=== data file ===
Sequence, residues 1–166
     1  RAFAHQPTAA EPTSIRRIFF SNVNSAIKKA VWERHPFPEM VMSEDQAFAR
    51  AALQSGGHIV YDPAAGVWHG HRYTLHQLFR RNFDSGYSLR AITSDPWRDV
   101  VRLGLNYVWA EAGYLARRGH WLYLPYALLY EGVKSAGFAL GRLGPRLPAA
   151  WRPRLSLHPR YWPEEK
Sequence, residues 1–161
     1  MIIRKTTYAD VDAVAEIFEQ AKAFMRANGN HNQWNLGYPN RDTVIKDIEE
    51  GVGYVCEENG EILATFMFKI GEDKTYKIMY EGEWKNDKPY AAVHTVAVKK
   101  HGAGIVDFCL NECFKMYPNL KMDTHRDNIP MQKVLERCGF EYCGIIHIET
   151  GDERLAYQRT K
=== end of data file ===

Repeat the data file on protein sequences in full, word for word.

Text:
Sequence, residues 1–166
     1  RAFAHQPTAA EPTSIRRIFF SNVNSAIKKA VWERHPFPEM VMSEDQAFAR
    51  AALQSGGHIV YDPAAGVWHG HRYTLHQLFR RNFDSGYSLR AITSDPWRDV
   101  VRLGLNYVWA EAGYLARRGH WLYLPYALLY EGVKSAGFAL GRLGPRLPAA
   151  WRPRLSLHPR YWPEEK
Sequence, residues 1–161
     1  MIIRKTTYAD VDAVAEIFEQ AKAFMRANGN HNQWNLGYPN RDTVIKDIEE
    51  GVGYVCEENG EILATFMFKI GEDKTYKIMY EGEWKNDKPY AAVHTVAVKK
   101  HGAGIVDFCL NECFKMYPNL KMDTHRDNIP MQKVLERCGF EYCGIIHIET
   151  GDERLAYQRT K